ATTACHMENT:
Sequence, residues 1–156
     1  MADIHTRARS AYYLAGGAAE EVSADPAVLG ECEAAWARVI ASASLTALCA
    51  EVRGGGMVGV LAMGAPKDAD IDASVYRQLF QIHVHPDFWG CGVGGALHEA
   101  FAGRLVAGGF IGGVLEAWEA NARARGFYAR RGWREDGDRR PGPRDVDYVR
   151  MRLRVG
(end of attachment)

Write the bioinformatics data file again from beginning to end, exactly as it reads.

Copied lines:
Sequence, residues 1–156
     1  MADIHTRARS AYYLAGGAAE EVSADPAVLG ECEAAWARVI ASASLTALCA
    51  EVRGGGMVGV LAMGAPKDAD IDASVYRQLF QIHVHPDFWG CGVGGALHEA
   101  FAGRLVAGGF IGGVLEAWEA NARARGFYAR RGWREDGDRR PGPRDVDYVR
   151  MRLRVG